Well, I admire McCain, I said, and Governor P. is fine and everything but as a sometime flyfisherman and general outdoorsman I didn’t see how I could vote for someone who doesn’t believe global warming is real. For starters. And I mean, I could have gone on and on, but didn’t. He could have too, but didn’t, just said he’d been ready to vote for Hillary, but now…
And I said, well, Obama gives you everything Hilary would have.
Except he’s not a woman, said my interlocutor.
But the idea isn’t to vote for just any woman, I said. Did you vote for Elizabeth Dole?
But he didn’t know who that was.
So I said, Would you vote for Oprah?
Oh, good God, no!
I’m not sure he saw my point. And anyway, he had to get going. He’d brought me two dozen ears of good late corn, especially beautiful as I’d given up on corn for the season. He allowed as how things being up and things being down, they’d had a bad year with cucumbers over there in Mercer. So I gave him some half a dozen big cucumbers. I’m not sure what Freud would have made of our exchange, but it was very friendly, two guys the same age, many of the same interests, a kid each to talk about, our ideas about the world all but meeting. Very, very close.
I just like Obama, I said, one more try.
And he said, well, McCain is old, very old, and he’s had his career, and with being president he’ll be happy and he’ll know he’s done it all. And then they’re, you know, they’re going to let him die, and it’ll be Sarah.
I said, Let him die?
And Day said, Oh, he’s had his long life—he knows what they want from him.
Who’s they? I said.
The permanent government, of course!
An entity I myself have talked about from time to time, meaning, I guess, the behind-the-scenes power brokers. The people called they.
Very close, my firewood man and I, and yet worlds apart.
Aw, he said, It’s just an election.
Out in the woods the next morning I found a hen-of-the-woods mushroom just sitting a few yards off my usual path, other side of the stream, huge thing, twenty pounds or more, looking like a stack of leaves, or a big brown block of coral, or maybe even like a hen, I don’t know, a huge hen fluffing her feathers. I’ve seen pieces of hen of the woods for sale in the wild section of the Walmart-size organic market in Portland at $40.00 a pound, giving my specimen a street value of over $800.00, though I imagine it would be hard to barter it for four cord of firewood or a tank of oil. I carried it a mile or so under my arm, on my shoulder, other shoulder, on top of my head, down under the other arm, heavy. Home I plopped it in the sink. Elysia admired it from afar, its appeal pretty abstract, like other gross things. I could be one of the guys you see every fall in the newspaper, showing off a huge hen of the woods, big smile. I had the big smile all right, nothing more to think about than how to serve some small portion of it for dinner.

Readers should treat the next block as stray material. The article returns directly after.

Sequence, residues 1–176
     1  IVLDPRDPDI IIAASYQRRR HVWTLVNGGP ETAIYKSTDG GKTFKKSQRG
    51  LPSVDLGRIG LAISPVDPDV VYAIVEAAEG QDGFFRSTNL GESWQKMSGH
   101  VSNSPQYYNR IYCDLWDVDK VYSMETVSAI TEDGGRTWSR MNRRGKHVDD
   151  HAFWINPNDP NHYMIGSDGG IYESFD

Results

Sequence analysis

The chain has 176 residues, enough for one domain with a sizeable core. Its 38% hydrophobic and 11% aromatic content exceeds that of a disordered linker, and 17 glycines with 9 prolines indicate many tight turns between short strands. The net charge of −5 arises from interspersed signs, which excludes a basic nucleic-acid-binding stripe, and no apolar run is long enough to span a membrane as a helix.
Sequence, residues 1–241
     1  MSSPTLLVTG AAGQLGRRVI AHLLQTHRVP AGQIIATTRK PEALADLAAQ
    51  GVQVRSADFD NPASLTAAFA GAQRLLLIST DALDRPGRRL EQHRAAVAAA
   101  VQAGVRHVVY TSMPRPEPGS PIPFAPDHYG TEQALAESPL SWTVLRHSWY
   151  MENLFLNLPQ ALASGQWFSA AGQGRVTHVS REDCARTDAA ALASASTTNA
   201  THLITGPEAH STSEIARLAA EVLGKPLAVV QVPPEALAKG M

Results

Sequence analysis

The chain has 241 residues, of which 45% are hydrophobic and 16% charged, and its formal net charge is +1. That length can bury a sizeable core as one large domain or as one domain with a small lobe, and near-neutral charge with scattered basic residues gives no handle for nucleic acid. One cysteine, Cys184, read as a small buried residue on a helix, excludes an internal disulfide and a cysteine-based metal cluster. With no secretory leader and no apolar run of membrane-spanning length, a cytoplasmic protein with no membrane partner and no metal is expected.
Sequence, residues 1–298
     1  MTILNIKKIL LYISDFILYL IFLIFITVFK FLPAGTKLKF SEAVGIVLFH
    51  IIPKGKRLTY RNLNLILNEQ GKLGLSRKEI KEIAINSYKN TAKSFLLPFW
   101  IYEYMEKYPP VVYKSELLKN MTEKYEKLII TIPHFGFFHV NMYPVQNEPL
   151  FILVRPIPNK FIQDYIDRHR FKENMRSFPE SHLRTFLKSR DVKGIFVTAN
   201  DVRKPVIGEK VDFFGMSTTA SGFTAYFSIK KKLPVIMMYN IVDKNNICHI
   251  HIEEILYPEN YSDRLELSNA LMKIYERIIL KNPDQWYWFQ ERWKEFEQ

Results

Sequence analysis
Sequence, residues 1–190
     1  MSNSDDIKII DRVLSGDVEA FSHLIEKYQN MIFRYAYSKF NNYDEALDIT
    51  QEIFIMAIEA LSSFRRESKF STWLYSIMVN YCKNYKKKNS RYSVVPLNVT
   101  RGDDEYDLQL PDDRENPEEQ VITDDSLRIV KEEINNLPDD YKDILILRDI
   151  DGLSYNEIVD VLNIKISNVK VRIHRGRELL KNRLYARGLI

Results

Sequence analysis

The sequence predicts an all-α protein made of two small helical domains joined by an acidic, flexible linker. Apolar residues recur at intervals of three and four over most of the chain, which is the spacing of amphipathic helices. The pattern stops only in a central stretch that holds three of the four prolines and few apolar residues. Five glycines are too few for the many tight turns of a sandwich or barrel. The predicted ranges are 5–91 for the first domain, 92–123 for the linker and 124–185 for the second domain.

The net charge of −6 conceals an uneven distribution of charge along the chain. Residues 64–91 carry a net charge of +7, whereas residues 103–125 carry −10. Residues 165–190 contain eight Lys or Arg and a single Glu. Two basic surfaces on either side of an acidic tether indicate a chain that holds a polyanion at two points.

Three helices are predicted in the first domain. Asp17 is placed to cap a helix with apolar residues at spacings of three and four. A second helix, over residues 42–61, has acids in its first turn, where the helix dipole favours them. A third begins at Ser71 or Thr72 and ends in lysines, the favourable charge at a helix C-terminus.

Directions in the mushroom book call for steaming ten minutes to tenderize the flesh a little, then proceed with your favorite recipe. I pulled the thing it into sections, big fans of mushroom flesh, pretty white inside, rich fragrance of the forest, steamed it in a big kettle four shifts worth. The odor in the kitchen was like turkey roasting, meaty, very rich. Meanwhile, I put a lentil stew together, onions in olive oil, some carrots from the garden, chunks of garlic, five or ten beat-up tomatoes, oregano leaves and thyme from the plants on the deck (Day Mitchell’s seasoned wood right there waiting for me to move it into the shed). After a few hours I made cornbread with plain yogurt instead of milk and extra butter and brown sugar and an egg, teaspoon of baking soda, 350 degrees in a buttered pan, 25 minutes.
The mushroom meat I dried on kitchen towels, enough to freeze quite a bit for future recipes. I took about a pound then and julienned it, nice long strips, and just sautéed it all in about a quarter pound of butter with three or four cloves garlic chopped fine, sampling all the while, a little more salt, a little more butter, unbelievably tasty, delectable. And then some of Day’s corn, just plain on the cob.
I’m telling you, that stew was delicious, parmesan grated on top. Elysia tried a bite of hen of the woods, then a little more, pronounced it edible at best, but no ewww face, at least. The stew, however, she loved, and the cornbread even more so, slathered with soft butter and then iced with honey on top of that. The happy hen of the woods hunter ate crispy strips of mushroom, softer strips, too, couldn’t decide which I liked better. Meaty texture, good tooth. In the end I mixed a pile into my bowl of stew (I waited on this moment, wanting to savor the mushroom on its own merits first), my God, wonderful.
I probably ate too much, but that will be good fuel for stacking wood, stacking wood, stacking wood, stacking wood, stacking wood, my thoughts astray in the world of politics as financial firms fail and arctic ice melts and hurricanes blow in and people keep dying in unnecessary warfare: don’t tell me this election doesn’t matter.